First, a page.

Is Pets at Home Group Plc (LON:PETS) A Financially Sound Company?

Pets at Home Group Plc (LON:PETS) is a small-cap stock with a market capitalization of UK£677m. While investors primarily focus on the growth potential and competitive landscape of the small-cap companies, they end up ignoring a key aspect, which could be the biggest threat to its existence: its financial health. Why is it important? Companies operating in the Specialty Retail industry facing headwinds from current disruption, even ones that are profitable, are more likely to be higher risk. So, understanding the company’s financial health becomes vital. I believe these basic checks tell most of the story you need to know. Nevertheless, given that I have not delve into the company-specifics, I’d encourage you to dig deeper yourself into PETS here.

How much cash does PETS generate through its operations?

PETS’s debt levels have fallen from UK£208m to UK£193m over the last 12 months , which includes long-term debt. With this debt repayment, the current cash and short-term investment levels stands at UK£63m for investing into the business. Additionally, PETS has produced cash from operations of UK£105m over the same time period, resulting in an operating cash to total debt ratio of 54%, signalling that PETS’s current level of operating cash is high enough to cover debt. This ratio can also be a sign of operational efficiency as an alternative to return on assets. In PETS’s case, it is able to generate 0.54x cash from its debt capital.

Can PETS pay its short-term liabilities?

Looking at PETS’s UK£202m in current liabilities, it appears that the company may not be able to easily meet these obligations given the level of current assets of UK£197m, with a current ratio of 0.97x.

LSE:PETS Historical Debt January 31st 19
LSE:PETS Historical Debt January 31st 19

Does PETS face the risk of succumbing to its debt-load?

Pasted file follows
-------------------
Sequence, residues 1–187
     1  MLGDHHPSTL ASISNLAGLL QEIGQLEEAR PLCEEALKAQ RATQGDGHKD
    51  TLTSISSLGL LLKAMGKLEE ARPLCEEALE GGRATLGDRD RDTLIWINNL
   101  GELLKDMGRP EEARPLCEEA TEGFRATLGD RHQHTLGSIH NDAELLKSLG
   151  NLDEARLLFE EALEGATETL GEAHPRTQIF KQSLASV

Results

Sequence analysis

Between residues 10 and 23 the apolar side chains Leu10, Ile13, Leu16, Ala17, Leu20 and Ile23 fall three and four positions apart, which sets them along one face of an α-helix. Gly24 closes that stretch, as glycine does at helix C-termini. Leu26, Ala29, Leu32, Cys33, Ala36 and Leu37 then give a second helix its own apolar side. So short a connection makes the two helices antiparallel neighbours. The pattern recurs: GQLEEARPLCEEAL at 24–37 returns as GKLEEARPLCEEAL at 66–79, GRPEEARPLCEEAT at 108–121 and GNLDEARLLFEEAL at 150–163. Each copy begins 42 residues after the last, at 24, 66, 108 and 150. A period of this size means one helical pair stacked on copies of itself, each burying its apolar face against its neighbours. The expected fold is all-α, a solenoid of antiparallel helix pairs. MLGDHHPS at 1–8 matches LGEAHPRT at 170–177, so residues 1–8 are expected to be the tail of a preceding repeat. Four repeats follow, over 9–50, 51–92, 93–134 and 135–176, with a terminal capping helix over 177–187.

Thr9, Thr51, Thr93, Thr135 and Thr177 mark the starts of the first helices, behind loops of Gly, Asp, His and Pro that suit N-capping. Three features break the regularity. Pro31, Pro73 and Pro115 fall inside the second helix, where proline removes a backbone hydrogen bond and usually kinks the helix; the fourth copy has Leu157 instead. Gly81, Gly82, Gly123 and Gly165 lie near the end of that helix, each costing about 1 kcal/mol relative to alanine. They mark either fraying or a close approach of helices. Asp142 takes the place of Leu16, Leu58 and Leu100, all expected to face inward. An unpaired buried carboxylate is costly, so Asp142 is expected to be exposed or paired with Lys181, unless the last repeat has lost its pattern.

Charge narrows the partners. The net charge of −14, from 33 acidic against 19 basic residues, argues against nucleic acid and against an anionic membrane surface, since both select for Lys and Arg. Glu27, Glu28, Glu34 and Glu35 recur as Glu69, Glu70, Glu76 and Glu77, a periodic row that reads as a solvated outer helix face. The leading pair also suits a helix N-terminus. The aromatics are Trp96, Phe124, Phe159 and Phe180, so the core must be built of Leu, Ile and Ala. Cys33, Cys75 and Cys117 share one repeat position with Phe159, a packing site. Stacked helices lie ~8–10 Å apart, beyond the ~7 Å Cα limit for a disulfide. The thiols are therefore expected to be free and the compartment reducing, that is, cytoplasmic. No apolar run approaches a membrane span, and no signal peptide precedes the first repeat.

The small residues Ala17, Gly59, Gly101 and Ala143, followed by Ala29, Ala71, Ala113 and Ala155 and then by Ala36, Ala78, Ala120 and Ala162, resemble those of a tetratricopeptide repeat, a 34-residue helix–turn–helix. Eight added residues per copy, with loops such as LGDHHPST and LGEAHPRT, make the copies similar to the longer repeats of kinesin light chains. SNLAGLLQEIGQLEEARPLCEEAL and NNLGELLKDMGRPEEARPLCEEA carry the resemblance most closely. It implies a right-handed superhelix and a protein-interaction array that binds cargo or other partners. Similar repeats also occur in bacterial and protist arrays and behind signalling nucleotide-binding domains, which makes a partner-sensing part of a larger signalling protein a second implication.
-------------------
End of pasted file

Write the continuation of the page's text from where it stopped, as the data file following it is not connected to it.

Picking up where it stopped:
With debt at 22% of equity, PETS may be thought of as appropriately levered. PETS is not taking on too much debt commitment, which may be constraining for future growth. We can check to see whether PETS is able to meet its debt obligations by looking at the net interest coverage ratio. A company generating earnings before interest and tax (EBIT) at least three times its net interest payments is considered financially sound. In PETS’s, case, the ratio of 14.37x suggests that interest is comfortably covered, which means that lenders may be inclined to lend more money to the company, as it is seen as safe in terms of payback.

Next Steps:

PETS’s debt level is appropriate for a company its size. Furthermore, it is able to generate sufficient cash flow coverage, meaning it is able to put its debt in good use. Though its low liquidity raises concerns over whether current asset management practices are properly implemented for the small-cap. I admit this is a fairly basic analysis for PETS’s financial health. Other important fundamentals need to be considered alongside. I recommend you continue to research at Home Group to get a more holistic view of the stock by looking at:

  1. Future Outlook: What are well-informed industry analysts predicting for PETS’s future growth? Take a look at our free research report of analyst consensus for PETS’s outlook.
  2. Valuation: What is PETS worth today? Is the stock undervalued, even when its growth outlook is factored into its intrinsic value? The intrinsic value infographic in our free research report helps visualize whether PETS is currently mispriced by the market.
  3. Other High-Performing Stocks: Are there other stocks that provide better prospects with proven track records? Explore our free list of these great stocks here.

To help readers see past the short term volatility of the financial market, we aim to bring you a long-term focused research analysis purely driven by fundamental data. Note that our analysis does not factor in the latest price-sensitive company announcements.

The author is an independent contributor and at the time of publication had no position in the stocks mentioned. For errors that warrant correction please contact the editor at